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Key Event Title
Decrease, Sonic Hedgehog second messenger production
|Level of Biological Organization|
Key Event Components
|second-messenger-mediated signaling||sonic hedgehog protein||decreased|
Key Event Overview
AOPs Including This Key Event
|AOP Name||Role of event in AOP||Point of Contact||Author Status||OECD Status|
|Anatagonsim SMO leads to OFC||KeyEvent||Arthur Author (send email)||Under development: Not open for comment. Do not cite|
|Decrease, GLI1/2 target gene expression leads to OFC||KeyEvent||Agnes Aggy (send email)||Under development: Not open for comment. Do not cite|
Key Event Description
During normal Sonic Hedgehog (SHH) signaling, GLI target gene expression regulates several other signaling pathways. Expression of FOXF1 and FOXL1 upregulate BMP4, BMP 2, and FGF10 in the mesenchyme (Katoh and Katoh 2009, Lan and Jiang 2009). Induction of FGF10 in the mesenchyme is able to induce SHH in the adjacent epithelium via a positive feedback loop with FGFR2 (Cobourne and Green 2012). SHH signaling also upregulates BCL2 and CFLAR to promote cell survival (Katoh and Katoh 2009).
How It Is Measured or Detected
- Changes in gene expression can be measured using serial analysis of gene expression (SAGE), rapid analysis of gene expression (RAGE), RT-PCR, Northern/Southern blotting, differential display, and DNA microarray assay (Kirby, Heath et al. 2007).
- RNA in situ hybridization can be used to determine sites of gene expression (Nouri-Aria 2008, Abler, Mansour et al. 2009)
- Antibody staining of tissue sections can be used to determine location and amounts of BMP4, BMP2, FGF10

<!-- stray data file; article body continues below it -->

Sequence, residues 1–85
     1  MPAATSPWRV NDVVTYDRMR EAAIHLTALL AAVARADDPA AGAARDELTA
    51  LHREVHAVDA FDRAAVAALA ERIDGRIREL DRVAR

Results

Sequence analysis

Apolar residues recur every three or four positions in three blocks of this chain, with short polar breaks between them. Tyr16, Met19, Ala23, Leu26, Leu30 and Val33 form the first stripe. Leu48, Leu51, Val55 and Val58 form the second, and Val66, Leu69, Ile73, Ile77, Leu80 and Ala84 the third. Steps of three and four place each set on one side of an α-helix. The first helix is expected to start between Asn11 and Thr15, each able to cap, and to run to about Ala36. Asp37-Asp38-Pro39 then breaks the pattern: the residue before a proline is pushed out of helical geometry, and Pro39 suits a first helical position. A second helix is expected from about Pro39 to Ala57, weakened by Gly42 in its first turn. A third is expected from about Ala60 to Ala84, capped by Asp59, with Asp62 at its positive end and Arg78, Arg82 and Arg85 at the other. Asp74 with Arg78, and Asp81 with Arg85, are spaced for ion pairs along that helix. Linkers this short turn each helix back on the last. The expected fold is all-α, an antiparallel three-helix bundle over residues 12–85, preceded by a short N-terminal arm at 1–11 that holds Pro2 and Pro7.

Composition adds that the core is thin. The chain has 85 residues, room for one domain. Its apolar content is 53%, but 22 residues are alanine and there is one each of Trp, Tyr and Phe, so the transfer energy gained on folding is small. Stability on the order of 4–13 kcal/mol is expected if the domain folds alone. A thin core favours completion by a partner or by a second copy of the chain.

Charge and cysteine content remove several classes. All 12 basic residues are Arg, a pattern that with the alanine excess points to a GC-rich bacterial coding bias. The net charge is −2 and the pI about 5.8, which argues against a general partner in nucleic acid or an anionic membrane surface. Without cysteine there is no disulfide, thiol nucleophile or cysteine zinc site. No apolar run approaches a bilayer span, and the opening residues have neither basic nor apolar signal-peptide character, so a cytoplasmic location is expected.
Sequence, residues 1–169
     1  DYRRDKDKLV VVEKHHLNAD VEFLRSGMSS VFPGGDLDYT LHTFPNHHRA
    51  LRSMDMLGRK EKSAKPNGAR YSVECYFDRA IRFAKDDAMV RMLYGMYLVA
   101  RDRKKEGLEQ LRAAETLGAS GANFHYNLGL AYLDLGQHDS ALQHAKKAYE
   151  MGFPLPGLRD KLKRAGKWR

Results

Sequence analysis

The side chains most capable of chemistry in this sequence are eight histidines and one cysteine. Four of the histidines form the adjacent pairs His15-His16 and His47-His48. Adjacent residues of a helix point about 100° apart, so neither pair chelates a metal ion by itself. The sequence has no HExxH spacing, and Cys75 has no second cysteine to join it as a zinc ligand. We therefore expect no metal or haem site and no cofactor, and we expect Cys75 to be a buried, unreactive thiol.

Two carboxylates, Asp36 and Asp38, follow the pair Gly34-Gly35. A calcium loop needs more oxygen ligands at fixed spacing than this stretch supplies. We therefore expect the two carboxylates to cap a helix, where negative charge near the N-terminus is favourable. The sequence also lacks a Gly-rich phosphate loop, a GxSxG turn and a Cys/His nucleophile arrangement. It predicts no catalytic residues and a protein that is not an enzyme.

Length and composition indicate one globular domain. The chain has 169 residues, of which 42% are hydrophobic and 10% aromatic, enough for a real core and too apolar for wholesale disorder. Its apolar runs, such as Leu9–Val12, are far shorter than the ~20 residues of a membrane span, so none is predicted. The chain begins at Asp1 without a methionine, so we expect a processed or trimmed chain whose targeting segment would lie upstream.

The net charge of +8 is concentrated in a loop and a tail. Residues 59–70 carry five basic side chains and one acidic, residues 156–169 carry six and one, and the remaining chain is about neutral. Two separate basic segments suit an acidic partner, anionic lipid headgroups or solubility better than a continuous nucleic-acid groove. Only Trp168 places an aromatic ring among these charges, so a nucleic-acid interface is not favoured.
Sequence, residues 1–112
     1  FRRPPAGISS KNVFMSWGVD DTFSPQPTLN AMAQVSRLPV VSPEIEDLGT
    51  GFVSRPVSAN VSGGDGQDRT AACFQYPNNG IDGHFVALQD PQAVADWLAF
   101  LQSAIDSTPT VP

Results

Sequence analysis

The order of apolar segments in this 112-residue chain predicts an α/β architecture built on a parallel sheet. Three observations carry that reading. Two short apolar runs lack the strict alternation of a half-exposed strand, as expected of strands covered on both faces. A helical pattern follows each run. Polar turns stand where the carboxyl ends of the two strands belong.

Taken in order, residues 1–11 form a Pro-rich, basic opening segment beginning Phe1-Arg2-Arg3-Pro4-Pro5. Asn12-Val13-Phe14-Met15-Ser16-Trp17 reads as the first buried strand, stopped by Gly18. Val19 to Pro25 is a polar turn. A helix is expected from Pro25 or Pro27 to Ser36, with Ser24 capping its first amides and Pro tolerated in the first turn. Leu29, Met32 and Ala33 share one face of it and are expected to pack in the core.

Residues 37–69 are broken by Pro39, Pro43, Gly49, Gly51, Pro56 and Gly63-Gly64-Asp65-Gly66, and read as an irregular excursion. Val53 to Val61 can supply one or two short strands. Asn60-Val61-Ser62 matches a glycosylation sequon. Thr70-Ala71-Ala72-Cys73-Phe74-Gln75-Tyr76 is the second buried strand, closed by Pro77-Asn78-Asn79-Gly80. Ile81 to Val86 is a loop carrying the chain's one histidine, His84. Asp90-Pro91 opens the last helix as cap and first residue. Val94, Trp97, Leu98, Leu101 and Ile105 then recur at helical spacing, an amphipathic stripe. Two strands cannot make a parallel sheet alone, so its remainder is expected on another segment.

Domain of Applicability
- Sex- Secondary messenger production of the SHH pathway is present in both male and females and differences in gene expression has not been demonstrated.
- Life stages- The Hedgehog pathway is a major pathway in embryonic development.
- Taxonomic-HH signalling, and its’ secondary messenger production is present in vertebrates and some invertebrates including flies (Denef, Neubüser et al. 2000, Huangfu and Anderson 2005)
Abler, L. L., S. L. Mansour and X. Sun (2009). "Conditional gene inactivation reveals roles for Fgf10 and Fgfr2 in establishing a normal pattern of epithelial branching in the mouse lung." Dev Dyn 238(8): 1999-2013.
Cobourne, M. T. and J. B. Green (2012). "Hedgehog signalling in development of the secondary palate." Front Oral Biol 16: 52-59.
Denef, N., D. Neubüser, L. Perez and S. M. Cohen (2000). "Hedgehog induces opposite changes in turnover and subcellular localization of patched and smoothened." Cell 102(4): 521-531.
Huangfu, D. and K. V. Anderson (2005). "Cilia and Hedgehog responsiveness in the mouse." Proc Natl Acad Sci U S A 102(32): 11325-11330.
Katoh, Y. and M. Katoh (2009). "Hedgehog target genes: mechanisms of carcinogenesis induced by aberrant hedgehog signaling activation." Curr Mol Med 9(7): 873-886.
Kirby, J., P. R. Heath, P. J. Shaw and F. C. Hamdy (2007). Gene Expression Assays. Advances in Clinical Chemistry, Elsevier. 44: 247-292.
Lan, Y. and R. Jiang (2009). "Sonic hedgehog signaling regulates reciprocal epithelial-mesenchymal interactions controlling palatal outgrowth." Development 136(8): 1387-1396.
Nouri-Aria, K. T. (2008). "In situ Hybridization." Methods Mol Med 138: 331-347.